Florida Divorce Law

Florida divorce laws are a lot different from many other states divorce laws. Florida divorce law has a lot of presumptions in them. A divorce law presumption assumes one fact from the existence of another fact. A presumption is a way to make it easier to establish a fact or to implement the state’s public policies.

So, what exactly are some of the Florida divorce law presumptions? Here are some of the presumptions you will find in Florida divorce law:

Florida divorce law will presume that a marriage is valid when the parties have a ceremony and live together under a belief that they are lawfully married.
Florida divorce law presumes that the assets and debts accumulated during the marriage are marital and subject to equitable distribution. Florida divorce law also presumes that both spouses made an equal contribution to the marriage.

The equal distribution in Florida also presumes a 50/50 split of assets and debts as the starting point for division.

Children born during a marriage are presumed to be the legitimate children of the spouses. This means that Florida courts are presumed to have continuing jurisdiction over child matters when the original decision came from a Florida court.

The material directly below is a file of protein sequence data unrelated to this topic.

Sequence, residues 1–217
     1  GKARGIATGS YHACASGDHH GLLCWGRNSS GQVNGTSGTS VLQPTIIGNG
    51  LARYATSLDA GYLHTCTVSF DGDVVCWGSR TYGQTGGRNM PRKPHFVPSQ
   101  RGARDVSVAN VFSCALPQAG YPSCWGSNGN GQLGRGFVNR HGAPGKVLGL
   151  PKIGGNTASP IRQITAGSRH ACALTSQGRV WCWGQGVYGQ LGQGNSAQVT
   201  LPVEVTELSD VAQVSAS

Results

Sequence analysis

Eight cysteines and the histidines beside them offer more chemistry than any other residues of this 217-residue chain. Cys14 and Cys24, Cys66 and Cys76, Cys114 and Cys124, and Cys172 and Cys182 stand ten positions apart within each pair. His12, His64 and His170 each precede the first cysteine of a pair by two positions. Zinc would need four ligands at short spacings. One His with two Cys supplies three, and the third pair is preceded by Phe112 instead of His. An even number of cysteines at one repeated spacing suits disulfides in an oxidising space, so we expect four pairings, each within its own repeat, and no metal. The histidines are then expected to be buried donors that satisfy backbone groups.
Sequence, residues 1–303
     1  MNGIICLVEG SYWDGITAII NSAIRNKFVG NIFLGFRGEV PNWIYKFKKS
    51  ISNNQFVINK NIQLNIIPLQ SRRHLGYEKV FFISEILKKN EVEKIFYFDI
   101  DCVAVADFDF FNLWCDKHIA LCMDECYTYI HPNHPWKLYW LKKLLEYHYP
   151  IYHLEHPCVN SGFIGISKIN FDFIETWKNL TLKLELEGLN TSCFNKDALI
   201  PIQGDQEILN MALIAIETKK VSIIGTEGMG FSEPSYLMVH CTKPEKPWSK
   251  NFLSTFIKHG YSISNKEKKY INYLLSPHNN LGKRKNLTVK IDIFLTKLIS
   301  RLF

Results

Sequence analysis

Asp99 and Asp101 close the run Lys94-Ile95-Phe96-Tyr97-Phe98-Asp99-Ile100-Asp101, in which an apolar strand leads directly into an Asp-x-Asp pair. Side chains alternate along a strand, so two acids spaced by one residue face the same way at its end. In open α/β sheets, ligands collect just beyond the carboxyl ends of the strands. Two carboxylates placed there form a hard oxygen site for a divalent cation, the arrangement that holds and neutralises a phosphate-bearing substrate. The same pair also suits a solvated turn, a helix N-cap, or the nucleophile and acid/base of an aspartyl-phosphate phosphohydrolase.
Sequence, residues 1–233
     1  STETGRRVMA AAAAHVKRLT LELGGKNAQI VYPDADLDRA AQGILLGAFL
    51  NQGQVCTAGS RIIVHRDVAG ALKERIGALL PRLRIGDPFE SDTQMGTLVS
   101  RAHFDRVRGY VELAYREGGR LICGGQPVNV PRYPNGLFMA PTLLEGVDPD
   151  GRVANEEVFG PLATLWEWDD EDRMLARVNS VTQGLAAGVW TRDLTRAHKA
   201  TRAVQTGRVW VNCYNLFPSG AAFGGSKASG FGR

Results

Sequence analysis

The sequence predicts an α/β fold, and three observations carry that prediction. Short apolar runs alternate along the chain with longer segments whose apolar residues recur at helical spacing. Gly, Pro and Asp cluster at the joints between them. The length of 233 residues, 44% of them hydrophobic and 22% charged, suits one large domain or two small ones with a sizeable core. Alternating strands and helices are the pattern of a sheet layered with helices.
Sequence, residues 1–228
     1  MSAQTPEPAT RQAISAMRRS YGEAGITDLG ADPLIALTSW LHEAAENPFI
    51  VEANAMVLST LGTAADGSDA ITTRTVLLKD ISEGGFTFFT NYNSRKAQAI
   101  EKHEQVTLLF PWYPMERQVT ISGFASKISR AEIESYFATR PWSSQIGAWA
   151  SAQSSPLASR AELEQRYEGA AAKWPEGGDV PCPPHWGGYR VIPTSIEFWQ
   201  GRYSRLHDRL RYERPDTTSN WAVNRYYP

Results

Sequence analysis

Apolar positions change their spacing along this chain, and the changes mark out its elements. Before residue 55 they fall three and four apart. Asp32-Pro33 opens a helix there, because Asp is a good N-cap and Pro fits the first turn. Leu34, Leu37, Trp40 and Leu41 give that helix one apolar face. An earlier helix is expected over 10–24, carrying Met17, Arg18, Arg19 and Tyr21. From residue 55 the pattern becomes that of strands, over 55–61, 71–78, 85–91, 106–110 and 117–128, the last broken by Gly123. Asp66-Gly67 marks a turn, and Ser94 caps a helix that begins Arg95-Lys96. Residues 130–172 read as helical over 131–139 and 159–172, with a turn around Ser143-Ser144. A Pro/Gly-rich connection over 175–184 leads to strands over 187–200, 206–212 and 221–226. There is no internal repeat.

Shared parental responsibility is also assumed in Florida divorce law.
Florida divorce law presumes that an entitlement to alimony in a long-term marriage and presumes no entitlement in a short-term marriage.

Florida law also presumes an ability to pay support amounts ordered by the court.
If you have an uncontested divorce or you are representing yourself in a divorce in Florida, you are also presumed to know every law and court rule. This also means that you are expected to know every presumption in Florida as well. This is were most people get into trouble in a Florida divorce case.

If you are the petitioner in Florida, the presumptions in the Florida divorce laws will help you in your divorce case. If you are the respondent, you will have to prove, with evidence, to overcome or dispute the presumptions if they are raised in court.

If you are the respondent in a Florida divorce case, you really should consider hiring a divorce attorney. If not for the full case, at least to consult with.